Data from: Inferring skeletal production from time-averaged assemblages: skeletal loss pulls the timing of production pulses towards the modern period

Adam Tomašových, Susan M. Kidwell & Rina Foygel Barber
Age-frequency distributions of dead skeletal material on the landscape or seabed—information on the time that has elapsed since the death of individuals—provide decadal- to millennial-scale perspectives both on the history of production and on the processes that lead to skeletal disintegration and burial. So far, however, models quantifying the dynamics of skeletal loss have assumed that skeletal production is constant during time-averaged accumulation. Here, to improve inferences in conservation paleobiology and historical ecology, we evaluate...

Data from: Energetic benefits and adaptations in mammalian limbs: scale effects and selective pressures

Brandon M. Kilbourne & Louwrens C. Hoffman
Differences in limb size and shape are fundamental to mammalian morphological diversity; however, their relevance to locomotor costs has long been subject to debate. In particular, it remains unknown if scale effects in whole limb morphology could partially underlie decreasing mass-specific locomotor costs with increasing limb length. Whole fore- and hindlimb inertial properties reflecting limb size and shape – moment of inertia (MOI), mass, mass distribution, and natural frequency – were regressed against limb length...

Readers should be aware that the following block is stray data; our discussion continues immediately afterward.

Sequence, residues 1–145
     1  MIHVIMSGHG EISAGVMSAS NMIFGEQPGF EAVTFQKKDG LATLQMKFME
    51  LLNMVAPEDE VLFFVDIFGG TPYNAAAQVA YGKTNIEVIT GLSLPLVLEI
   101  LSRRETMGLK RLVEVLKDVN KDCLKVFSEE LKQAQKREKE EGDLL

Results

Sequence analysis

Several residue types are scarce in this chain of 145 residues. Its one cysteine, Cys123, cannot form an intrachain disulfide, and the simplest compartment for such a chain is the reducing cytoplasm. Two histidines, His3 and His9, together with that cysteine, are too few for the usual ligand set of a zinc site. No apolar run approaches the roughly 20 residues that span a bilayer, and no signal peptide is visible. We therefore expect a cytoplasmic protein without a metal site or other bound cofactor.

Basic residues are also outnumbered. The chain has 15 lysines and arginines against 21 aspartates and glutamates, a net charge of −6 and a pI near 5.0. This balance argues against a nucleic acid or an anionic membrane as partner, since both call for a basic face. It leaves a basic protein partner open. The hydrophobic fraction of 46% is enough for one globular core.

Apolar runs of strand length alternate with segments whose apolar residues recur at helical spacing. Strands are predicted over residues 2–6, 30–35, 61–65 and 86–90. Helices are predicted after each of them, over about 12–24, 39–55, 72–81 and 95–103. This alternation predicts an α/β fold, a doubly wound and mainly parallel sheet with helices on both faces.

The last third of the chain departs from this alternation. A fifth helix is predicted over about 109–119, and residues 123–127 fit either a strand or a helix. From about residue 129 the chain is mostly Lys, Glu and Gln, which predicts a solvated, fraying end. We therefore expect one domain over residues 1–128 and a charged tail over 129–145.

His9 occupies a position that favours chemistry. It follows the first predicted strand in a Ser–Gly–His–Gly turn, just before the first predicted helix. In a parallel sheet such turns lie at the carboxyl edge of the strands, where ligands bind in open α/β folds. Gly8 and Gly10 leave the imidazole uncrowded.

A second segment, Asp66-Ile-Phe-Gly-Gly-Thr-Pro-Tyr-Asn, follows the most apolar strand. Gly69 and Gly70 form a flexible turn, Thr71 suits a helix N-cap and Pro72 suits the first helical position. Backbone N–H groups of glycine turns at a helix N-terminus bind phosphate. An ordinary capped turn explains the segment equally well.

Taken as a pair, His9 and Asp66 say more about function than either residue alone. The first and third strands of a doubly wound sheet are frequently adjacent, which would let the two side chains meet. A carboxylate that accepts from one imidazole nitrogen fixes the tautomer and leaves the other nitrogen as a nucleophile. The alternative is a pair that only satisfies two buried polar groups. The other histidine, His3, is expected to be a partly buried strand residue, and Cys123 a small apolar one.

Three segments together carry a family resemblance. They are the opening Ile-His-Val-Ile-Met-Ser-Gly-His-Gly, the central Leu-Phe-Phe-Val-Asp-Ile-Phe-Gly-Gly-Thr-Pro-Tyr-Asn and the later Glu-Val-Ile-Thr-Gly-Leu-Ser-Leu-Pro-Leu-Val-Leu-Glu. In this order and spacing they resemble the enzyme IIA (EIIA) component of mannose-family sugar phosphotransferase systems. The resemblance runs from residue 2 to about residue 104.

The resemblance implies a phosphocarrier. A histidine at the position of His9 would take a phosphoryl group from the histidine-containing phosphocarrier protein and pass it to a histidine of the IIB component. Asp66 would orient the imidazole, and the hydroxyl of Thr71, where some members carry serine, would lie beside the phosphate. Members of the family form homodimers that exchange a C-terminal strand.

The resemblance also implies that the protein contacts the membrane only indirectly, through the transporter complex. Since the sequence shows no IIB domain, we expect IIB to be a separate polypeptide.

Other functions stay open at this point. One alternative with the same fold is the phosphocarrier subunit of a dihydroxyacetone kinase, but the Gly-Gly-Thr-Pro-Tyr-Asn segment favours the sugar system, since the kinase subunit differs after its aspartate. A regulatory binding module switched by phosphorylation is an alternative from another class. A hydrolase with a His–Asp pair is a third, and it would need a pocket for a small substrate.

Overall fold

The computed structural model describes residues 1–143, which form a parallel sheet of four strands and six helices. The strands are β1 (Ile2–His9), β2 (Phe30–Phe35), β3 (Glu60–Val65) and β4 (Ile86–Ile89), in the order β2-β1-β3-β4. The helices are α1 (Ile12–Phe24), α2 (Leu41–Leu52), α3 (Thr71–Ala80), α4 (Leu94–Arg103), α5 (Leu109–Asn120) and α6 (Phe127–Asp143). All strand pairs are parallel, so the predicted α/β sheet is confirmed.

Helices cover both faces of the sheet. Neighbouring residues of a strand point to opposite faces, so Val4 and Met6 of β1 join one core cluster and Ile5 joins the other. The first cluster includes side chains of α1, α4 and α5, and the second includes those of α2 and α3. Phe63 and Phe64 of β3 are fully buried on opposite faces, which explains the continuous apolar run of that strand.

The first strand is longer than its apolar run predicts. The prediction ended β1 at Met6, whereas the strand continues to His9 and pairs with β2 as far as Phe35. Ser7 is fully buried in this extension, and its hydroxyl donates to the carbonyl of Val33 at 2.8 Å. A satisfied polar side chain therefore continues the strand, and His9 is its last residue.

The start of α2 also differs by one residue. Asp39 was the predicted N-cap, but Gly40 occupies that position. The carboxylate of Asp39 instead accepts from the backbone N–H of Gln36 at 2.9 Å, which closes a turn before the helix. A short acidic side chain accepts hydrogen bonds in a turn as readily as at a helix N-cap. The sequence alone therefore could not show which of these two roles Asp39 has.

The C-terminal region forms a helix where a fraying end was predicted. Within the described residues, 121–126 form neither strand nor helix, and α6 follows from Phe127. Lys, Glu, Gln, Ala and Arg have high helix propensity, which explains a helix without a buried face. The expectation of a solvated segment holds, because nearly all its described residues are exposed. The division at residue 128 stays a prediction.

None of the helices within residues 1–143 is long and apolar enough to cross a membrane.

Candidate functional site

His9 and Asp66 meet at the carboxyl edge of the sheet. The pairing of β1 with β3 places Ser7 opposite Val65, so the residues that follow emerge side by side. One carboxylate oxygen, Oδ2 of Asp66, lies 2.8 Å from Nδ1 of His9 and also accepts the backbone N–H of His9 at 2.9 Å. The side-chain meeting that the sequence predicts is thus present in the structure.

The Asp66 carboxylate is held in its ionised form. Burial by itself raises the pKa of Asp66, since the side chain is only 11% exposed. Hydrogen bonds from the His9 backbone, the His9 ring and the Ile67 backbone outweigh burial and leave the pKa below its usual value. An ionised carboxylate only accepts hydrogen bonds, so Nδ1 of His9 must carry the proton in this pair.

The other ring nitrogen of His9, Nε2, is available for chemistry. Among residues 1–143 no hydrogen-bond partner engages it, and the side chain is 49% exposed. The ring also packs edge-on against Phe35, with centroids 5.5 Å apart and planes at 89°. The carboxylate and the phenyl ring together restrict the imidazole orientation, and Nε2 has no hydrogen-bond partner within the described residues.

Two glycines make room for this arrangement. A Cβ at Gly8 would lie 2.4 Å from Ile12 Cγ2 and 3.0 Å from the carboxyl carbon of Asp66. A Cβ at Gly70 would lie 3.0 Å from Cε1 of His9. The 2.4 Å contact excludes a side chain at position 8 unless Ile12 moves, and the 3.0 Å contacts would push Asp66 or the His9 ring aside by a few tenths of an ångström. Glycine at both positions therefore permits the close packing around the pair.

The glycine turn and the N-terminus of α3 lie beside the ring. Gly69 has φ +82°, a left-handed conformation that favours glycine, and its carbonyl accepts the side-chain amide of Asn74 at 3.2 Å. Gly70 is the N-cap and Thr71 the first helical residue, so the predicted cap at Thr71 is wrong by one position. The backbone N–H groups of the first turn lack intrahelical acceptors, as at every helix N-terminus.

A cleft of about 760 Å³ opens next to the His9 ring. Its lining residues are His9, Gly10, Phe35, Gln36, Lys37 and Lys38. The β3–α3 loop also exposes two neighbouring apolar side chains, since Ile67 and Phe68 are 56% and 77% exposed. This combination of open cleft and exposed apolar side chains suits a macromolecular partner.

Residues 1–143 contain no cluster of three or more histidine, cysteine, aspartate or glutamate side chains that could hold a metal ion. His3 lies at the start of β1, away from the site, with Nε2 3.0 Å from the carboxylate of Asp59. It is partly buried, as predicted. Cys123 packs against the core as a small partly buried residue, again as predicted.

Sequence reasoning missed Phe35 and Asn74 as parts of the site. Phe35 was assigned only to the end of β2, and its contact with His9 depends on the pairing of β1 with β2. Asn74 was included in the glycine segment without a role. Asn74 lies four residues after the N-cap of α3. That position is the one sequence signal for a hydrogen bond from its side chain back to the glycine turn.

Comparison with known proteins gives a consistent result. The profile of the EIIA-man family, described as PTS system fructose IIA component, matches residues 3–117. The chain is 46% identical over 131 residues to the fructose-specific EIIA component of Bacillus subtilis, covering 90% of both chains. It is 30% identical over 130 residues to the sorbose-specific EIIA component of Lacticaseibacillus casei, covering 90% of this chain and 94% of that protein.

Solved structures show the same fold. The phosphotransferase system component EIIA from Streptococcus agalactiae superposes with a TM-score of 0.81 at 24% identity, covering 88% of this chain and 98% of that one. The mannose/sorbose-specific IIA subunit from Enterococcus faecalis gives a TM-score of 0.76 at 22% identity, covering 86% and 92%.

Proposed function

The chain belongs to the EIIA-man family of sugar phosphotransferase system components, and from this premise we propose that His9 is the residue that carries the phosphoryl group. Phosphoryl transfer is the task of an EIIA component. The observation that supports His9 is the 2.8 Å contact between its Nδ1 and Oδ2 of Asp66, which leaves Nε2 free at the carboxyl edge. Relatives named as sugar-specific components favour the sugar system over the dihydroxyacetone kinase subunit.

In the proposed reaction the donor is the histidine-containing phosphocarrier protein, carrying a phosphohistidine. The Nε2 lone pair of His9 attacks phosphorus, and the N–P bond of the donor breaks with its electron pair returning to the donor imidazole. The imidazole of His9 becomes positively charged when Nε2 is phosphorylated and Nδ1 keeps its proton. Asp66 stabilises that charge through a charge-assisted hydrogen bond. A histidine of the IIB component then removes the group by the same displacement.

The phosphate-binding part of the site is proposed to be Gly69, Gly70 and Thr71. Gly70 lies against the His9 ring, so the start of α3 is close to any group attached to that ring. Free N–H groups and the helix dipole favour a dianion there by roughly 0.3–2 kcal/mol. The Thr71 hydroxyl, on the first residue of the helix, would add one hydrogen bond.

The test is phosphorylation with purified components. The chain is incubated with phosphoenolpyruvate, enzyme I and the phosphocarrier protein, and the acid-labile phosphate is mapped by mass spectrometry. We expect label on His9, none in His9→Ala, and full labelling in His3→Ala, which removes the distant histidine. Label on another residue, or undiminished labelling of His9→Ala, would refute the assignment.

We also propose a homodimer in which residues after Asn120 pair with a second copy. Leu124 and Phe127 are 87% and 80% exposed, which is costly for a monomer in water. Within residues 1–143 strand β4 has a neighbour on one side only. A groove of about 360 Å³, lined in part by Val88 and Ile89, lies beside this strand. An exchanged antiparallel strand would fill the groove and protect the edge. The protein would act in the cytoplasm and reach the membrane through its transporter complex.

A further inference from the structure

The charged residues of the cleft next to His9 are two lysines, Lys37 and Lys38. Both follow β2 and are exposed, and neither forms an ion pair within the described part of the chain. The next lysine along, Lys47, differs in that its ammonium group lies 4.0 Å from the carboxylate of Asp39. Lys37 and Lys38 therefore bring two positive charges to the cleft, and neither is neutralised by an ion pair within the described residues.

Data from: Cascading effects of induced terrestrial plant defenses on aquatic and terrestrial ecosystem function

Sara L. Jackrel & J. Timothy Wootton
Herbivores induce plants to undergo diverse processes that minimize costs to the plant, such as producing defences to deter herbivory or reallocating limited resources to inaccessible portions of the plant. Yet most plant tissue is consumed by decomposers, not herbivores, and these defensive processes aimed to deter herbivores may alter plant tissue even after detachment from the plant. All consumers value nutrients, but plants also require these nutrients for primary functions and defensive processes. We...